And I noticed that when I would come home and have those horrible nights where the boys would be fighting, and I was all alone that there was somebody with me. It was almost as cheesy as those old bookstore posters of the footprints in the sand. You know? But it was real. It wasn’t just a poster anymore. It was something like, “Oh, he really is walking here with me.”

One of the things that has happened, although I’m sure it’s a little more slowly than God would prefer, is that I’m learning how to reject tough love when it means severing relationship with my sons, but I’m also learning how to create boundaries that are healthier for me.

I mean, just last week I ran into a woman who runs a ministry in Minnesota. She’s from Minnesota, anyway. I was asking her some questions, “Would you recommend my new book, Prayers for Parents of Prodigals coming out?” And she wrote back, “Yes, I would.”

Then I told her, “But my real book is called Not Tough Love, Just Love. That’s the one I get rejected all the time. She wrote back and she said, “Oh my goodness, I can’t believe this. I have already set aside the domain name of just love ministries.”

Karen: Oh my gosh.

Linda: Now we are planning to collaborate on the book. She has the letters after her name. She’s a licensed drug and alcohol counselor. I have no letters after my name except D-U-M-B sometimes.

Karen: Oh, stop it!

Linda: Or D-O-H like Homer, “Doh!” But I can write. I don’t know if this is where God’s leading me, but this is where I’ve been carried so far.

Karen: That’s so much like what happened with Erin and me when we first realized that we both had this passion for being chaplains to writers and encouraging them spiritually. God just orchestrated it so perfectly and we look back on that, how long ago was that? Five years, Erin?

Erin: Oh, seven maybe.

Karen: Seven years ago and we look back at that, and we’re just amazed at the way that he does things if we look to him instead of looking and trying to figure things out ourselves.

That’s probably the biggest lesson I’ve learned from my family crises and dealing with the things that we have is that it’s not my circus and not my monkeys, unless God tells me it is. It’s not my circus and not my monkeys, and he will take care of those details.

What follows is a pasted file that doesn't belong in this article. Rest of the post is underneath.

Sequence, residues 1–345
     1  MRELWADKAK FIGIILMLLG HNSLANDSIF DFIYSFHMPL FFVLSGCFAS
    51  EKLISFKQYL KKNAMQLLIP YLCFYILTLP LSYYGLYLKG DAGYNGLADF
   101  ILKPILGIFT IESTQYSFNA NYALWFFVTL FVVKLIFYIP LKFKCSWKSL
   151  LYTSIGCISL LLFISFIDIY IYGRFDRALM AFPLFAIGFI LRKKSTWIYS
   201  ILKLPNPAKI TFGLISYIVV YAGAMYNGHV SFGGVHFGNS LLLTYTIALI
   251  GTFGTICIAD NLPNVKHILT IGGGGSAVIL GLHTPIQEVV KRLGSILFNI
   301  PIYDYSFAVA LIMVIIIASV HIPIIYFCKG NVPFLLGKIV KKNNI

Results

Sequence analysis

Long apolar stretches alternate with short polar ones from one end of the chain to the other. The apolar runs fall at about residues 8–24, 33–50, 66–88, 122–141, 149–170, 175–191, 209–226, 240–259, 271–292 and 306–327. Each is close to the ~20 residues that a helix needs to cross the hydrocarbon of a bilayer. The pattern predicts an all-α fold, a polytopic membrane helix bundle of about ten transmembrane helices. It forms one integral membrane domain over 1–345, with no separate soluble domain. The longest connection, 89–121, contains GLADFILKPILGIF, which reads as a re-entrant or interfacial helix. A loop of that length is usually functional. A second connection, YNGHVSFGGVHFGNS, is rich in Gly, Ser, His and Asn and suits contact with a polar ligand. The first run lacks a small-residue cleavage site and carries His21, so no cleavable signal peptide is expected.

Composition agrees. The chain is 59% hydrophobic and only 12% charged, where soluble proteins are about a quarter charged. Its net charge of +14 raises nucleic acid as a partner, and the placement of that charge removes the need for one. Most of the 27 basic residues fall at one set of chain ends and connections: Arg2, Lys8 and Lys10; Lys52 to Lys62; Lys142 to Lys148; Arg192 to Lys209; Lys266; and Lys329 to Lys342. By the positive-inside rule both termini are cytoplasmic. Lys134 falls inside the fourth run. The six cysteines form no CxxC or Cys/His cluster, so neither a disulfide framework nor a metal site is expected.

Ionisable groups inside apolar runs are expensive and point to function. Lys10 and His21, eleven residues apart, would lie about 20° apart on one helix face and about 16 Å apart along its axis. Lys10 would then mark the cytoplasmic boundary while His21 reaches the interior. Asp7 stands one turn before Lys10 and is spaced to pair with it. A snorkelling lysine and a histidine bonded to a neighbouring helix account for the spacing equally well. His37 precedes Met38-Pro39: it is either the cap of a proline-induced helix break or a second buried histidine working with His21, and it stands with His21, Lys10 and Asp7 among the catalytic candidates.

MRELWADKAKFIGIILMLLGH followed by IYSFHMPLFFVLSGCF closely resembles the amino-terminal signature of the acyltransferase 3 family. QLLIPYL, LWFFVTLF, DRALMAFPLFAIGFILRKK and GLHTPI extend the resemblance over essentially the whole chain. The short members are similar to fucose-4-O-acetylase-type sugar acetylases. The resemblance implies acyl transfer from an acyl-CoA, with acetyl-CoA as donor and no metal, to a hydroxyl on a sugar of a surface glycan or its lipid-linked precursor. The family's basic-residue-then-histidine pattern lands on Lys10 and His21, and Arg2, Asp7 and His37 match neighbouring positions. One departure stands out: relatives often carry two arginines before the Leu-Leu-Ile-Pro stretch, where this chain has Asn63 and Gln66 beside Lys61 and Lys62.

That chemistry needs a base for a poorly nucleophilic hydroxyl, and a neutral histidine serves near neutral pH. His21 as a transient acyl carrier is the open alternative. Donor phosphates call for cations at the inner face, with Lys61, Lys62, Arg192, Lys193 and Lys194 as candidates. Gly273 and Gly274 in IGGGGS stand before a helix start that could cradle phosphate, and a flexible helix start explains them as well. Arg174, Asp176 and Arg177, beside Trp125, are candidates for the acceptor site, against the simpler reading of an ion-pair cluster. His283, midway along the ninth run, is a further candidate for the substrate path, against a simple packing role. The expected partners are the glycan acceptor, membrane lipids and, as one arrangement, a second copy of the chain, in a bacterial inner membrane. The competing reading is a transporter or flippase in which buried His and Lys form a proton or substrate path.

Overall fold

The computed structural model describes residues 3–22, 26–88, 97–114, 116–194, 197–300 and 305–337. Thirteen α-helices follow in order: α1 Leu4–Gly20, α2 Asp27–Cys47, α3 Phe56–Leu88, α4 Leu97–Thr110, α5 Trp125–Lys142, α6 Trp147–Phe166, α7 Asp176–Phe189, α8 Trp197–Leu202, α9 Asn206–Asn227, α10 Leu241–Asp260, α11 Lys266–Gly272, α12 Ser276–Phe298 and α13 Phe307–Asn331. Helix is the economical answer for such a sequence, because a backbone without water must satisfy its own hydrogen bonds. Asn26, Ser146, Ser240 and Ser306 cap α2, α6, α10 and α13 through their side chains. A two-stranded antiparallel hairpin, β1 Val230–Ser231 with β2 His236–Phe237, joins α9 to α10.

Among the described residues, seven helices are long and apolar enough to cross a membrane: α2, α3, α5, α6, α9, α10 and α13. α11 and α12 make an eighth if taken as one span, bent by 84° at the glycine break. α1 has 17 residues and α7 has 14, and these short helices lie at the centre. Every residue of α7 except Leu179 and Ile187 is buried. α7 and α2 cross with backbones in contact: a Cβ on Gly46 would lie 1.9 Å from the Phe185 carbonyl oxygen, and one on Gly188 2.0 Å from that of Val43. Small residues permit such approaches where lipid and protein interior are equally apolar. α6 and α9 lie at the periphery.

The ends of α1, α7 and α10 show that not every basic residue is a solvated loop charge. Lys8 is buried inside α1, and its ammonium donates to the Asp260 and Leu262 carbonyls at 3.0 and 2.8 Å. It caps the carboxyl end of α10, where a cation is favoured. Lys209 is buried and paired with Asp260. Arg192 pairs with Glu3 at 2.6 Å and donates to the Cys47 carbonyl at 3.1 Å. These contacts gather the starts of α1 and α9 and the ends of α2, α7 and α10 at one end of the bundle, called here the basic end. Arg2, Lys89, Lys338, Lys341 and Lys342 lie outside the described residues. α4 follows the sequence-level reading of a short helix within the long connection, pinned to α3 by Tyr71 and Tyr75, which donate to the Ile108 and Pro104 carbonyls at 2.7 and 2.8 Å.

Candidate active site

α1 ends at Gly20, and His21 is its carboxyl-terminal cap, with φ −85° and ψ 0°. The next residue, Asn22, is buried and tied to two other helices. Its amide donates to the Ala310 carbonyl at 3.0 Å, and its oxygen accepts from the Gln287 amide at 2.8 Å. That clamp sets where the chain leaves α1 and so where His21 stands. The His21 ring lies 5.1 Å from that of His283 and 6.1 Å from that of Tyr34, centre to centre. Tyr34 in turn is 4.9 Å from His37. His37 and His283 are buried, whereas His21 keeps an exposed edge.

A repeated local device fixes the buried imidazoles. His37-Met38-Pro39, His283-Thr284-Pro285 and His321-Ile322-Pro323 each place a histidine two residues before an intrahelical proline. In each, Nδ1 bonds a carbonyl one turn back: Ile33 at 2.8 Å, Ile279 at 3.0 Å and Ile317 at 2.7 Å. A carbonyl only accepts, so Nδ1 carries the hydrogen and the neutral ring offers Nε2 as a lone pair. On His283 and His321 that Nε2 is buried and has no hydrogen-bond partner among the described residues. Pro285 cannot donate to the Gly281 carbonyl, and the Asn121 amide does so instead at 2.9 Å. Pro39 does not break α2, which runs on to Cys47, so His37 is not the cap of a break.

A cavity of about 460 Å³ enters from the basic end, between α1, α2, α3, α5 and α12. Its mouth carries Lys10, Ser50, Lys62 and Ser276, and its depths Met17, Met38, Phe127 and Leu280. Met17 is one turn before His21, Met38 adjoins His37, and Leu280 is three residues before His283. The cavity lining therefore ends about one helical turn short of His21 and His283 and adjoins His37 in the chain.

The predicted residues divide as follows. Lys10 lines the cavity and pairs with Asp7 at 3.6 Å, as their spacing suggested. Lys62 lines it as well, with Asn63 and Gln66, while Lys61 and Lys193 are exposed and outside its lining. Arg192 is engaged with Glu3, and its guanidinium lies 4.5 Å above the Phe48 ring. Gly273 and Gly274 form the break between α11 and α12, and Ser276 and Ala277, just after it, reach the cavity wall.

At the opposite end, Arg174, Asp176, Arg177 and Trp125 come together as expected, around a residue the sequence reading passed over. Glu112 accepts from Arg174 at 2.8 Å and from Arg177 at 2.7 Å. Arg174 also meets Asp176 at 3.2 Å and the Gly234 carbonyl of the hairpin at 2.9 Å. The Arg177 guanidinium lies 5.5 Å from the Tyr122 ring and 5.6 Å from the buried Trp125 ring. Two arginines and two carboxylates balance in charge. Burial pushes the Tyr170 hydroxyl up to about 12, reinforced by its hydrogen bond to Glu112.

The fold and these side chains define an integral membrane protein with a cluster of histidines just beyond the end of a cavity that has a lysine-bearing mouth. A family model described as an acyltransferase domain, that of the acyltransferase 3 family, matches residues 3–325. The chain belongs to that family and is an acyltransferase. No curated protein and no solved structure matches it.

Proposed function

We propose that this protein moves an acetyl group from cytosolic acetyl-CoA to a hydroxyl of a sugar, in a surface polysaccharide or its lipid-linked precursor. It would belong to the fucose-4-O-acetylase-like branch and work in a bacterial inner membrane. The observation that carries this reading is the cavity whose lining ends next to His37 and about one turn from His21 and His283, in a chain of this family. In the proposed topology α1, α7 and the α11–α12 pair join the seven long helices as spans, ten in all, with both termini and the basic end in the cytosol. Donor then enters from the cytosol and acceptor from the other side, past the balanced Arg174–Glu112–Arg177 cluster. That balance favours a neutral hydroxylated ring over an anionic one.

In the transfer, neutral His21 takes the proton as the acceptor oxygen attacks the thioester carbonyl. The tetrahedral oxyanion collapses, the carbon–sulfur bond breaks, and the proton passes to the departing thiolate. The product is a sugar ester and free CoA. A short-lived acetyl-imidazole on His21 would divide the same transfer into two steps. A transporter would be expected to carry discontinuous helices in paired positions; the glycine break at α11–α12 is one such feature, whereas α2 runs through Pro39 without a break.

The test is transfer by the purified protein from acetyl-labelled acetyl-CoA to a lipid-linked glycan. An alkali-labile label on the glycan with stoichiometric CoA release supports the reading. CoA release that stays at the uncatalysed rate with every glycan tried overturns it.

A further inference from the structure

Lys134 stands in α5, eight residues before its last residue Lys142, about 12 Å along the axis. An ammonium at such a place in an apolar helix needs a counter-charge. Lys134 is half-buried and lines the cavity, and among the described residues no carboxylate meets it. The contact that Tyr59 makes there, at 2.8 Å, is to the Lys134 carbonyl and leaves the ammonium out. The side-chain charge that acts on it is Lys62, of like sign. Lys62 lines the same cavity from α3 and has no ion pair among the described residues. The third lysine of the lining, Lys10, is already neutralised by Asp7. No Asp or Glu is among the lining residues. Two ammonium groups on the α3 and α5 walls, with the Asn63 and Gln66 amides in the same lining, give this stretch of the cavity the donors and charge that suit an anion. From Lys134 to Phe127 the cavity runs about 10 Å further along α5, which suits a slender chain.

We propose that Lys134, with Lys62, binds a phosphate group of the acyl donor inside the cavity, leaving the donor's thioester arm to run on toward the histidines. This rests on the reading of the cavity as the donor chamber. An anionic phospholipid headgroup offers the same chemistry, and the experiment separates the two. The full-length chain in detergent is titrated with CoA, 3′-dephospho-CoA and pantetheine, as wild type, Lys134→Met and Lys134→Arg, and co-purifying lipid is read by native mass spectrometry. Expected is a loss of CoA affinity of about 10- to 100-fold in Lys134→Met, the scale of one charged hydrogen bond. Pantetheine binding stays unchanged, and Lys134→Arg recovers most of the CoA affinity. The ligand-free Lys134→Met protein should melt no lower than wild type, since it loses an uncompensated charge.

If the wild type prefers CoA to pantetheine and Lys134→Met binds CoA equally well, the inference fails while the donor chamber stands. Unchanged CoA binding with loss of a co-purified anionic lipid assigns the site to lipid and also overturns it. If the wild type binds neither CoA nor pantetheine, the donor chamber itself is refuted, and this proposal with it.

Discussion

I just need to be obedient in the tasks he’s given me.

Linda: Yeah. And there is another thing that I really wanted the writers out there to hear today. One thing that I’ve learned as God carries me through all this is trust your gut. When you’re covering yourself, “Oh, I don’t want people to know that. I can’t let people see this.” Then you are not writing from the deep. I’m sorry.

You may have to be vulnerable, but here’s the thing. When Jesus calls us to follow him, he asks us to keep our hearts fresh and open and vulnerable. If you can’t be vulnerable in front of your readers, they aren’t going to see themselves. Because they are longing for somebody to see them.

They are longing to see themselves in what you write.

Karen: Amen.

Erin: Linda, how did you do that? How did you come to that ability given the terrible things you were going through and the loneliness and the difficulty? What are some ways that you were encouraging yourself to open up when you had to have been so pummeled? How’d you open up?

Linda: I feel like it all started with a little memoir that I wrote a while ago that’s still not published. It’s called One Hand Clapping. It’s all about several visits to a Shriner’s hospital in Salt Lake city that I underwent from about age nine to about age twelve.

I’m from Yuma, Arizona, but the hospital is in Salt Lake city, so I always had to go by myself. You would stay for like three months without any kind of parental family around. I learned to be self-reliant.

I remember when I first started writing this story, I was trying to ask my mother––I’m a polio survivor, and I’ve been disabled most of my life, I use one arm––and I asked Mom for some details of that time of when I was a kid going to that hospital.

She turned around to me and she said, “Oh, but Linda, that’s all over now.” And I remember thinking, “Well, not for me, it’s not.” By journeying back to that little girl who was the scared little girl. In that hospital at that time, I mean, they didn’t hand out teddy bears back then.

They would only allow you to keep your shoes, two books, and stationary. Everything else was hospital issue. Your clothing, you went to school there, everything. You weren’t allowed to have toys. Nothing from home.

Erin: Wow.

Linda: One of the things that was my precious possession was a little white Bible with a gold zipper on it and a cross for the pull.

Karen: I remember those.

Linda: Yeah. Jesus’ words in red letters, and I kept it under my pillow because I was so terrified. I was on a ward with 12 other girls. We all had major surgery. Major orthopedic surgery, I might say. They’ve expanded since.